Facebook faces fine in U.K., but spared GDPR's tougher penalties

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Mark Zuckerberg, CEO and founder of Facebook, departs the 'Tech For Good' meeting at Elysee Palace in Paris, on May 23, 2018. A group of industry executives met with France's President Emmanuel Macron to discuss how to use technology to improve people's lives.
Mark Zuckerberg, CEO and founder of Facebook, departs the 'Tech For Good' meeting at Elysee Palace in Paris, on May 23, 2018. A group of industry executives met with France's President Emmanuel Macron to discuss how to use technology to improve people's lives. Credit: Christophe Morin/Bloomberg

Facebook is looking at a $664,000 fine after U.K. regulators found the company broke data protection laws in its dealings with Cambridge Analytica, but the social network likely avoided a much worse fine that would have been possible under Europe's new stricter privacy laws.

The U.K. Information Commissioner's Office is threatening the company with the maximum penalty allowed under the old data laws that applied at the time of the alleged wrongdoing. The tech giant is accused of not properly protecting user data and not disclosing properly how people's data was harvested by others.

"Facebook has failed to provide the kinds of protections they're required to do under data protection laws," Information Commissioner Elizabeth Denham said on a call with reporters. The fine "sends a clear signal that I consider this a significant issue, especially when you look at the scale and the impact of this kind of data breach."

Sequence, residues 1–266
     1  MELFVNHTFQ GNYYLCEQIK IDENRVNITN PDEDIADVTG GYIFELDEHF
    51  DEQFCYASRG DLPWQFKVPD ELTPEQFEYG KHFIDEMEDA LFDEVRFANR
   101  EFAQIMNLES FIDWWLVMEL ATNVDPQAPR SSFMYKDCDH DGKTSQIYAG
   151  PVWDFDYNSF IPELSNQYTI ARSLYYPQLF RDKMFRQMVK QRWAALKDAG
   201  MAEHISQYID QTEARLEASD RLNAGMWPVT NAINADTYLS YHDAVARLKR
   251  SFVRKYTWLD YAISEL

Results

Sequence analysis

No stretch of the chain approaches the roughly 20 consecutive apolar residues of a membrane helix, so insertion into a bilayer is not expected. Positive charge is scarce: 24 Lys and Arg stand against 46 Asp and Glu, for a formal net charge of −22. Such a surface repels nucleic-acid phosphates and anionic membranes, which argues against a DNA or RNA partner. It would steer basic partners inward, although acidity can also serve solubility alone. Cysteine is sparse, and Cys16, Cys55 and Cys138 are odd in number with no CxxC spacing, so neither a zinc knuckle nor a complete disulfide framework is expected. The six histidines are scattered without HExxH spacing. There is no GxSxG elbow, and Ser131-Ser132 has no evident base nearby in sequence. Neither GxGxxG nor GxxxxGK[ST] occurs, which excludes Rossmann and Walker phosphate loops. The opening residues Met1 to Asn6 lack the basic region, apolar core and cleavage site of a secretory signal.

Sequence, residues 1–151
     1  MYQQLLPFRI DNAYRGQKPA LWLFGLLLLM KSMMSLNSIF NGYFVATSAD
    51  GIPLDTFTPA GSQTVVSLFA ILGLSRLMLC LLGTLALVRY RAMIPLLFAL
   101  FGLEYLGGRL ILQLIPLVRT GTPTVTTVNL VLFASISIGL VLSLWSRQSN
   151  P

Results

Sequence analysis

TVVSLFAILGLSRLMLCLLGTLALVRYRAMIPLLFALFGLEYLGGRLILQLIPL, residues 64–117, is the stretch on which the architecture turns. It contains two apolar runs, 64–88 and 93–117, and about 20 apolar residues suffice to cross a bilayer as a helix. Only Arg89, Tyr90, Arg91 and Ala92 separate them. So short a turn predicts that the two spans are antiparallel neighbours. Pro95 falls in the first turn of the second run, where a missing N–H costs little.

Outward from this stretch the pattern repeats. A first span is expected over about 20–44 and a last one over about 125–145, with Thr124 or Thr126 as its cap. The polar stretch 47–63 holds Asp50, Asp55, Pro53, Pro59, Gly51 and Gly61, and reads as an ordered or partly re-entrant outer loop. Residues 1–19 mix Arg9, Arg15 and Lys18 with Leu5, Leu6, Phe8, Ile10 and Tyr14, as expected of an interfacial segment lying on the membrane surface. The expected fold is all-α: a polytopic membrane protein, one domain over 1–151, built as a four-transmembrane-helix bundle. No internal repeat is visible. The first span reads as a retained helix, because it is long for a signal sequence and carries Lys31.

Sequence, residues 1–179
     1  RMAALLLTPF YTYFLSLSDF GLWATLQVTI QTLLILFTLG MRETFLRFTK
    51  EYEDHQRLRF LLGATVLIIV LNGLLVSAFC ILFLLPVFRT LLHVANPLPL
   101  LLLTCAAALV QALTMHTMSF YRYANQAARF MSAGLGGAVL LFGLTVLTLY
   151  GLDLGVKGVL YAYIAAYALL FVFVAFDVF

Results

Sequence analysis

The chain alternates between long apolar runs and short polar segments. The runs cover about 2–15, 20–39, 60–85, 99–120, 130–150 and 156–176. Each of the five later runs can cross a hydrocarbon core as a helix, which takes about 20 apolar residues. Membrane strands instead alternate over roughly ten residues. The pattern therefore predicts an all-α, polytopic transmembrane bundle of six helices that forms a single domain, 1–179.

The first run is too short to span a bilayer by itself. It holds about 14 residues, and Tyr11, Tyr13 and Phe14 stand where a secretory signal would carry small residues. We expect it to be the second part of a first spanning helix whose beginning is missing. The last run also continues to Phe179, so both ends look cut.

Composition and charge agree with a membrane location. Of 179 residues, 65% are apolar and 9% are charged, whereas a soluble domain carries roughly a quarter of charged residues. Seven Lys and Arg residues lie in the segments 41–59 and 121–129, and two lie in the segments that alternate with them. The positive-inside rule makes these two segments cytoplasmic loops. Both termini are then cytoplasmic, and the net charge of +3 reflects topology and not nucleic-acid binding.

The revelations that data belonging to as many as 87 million Facebook users and their friends may have been misused is a "game changer" in the world of data protection, Denham said. Her office is leading the European investigations into how such an amount of data—most belonging to U.S. and U.K. residents, she says—could have ended up in the hands of Cambridge Analytica, a consulting firm that worked on Donald Trump's presidential campaign.

Facebook will get a chance to respond to the proposed penalties before the ICO releases a final decision.

"As we have said before, we should have done more to investigate claims about Cambridge Analytica and take action in 2015," said Erin Egan, Facebook's chief privacy officer. "We have been working closely with the ICO in their investigation of Cambridge Analytica, just as we have with authorities in the U.S. and other countries. We're reviewing the report and will respond to the ICO soon."

The ICO could have levied a much higher and potentially more painful penalty under new European Union rules in place since May 25, where violations could lead to fines of as much as 4 percent of a company's global annual sales. In 2017, Facebook generated $40 billion in ad sales. But the law only applies to violations committed on or as of that date and not retro-actively. That's why the ICO's intended fine is capped at the maximum of 500,000 pounds, or $664,000, that it could levy under previous privacy rules.

While Facebook earlier said the data of as many as 2.7 million Europeans might have been shared with Cambridge Analytica, the company last month told EU lawmakers that private data about its European users may not have fallen into the hands of the U.K.-based data-crunching venture after all. Facebook said it wouldn't be able to make any firm conclusions on the matter until it conducts its own audit.

In April, Mark Zuckerberg testified before Congress where he faced questions about the social network's data and privacy policies. U.S. regulators are still investigating Facebook's handling of consumer data and how it has worked with third-parties like Cambridge Analytica.

-- Bloomberg News

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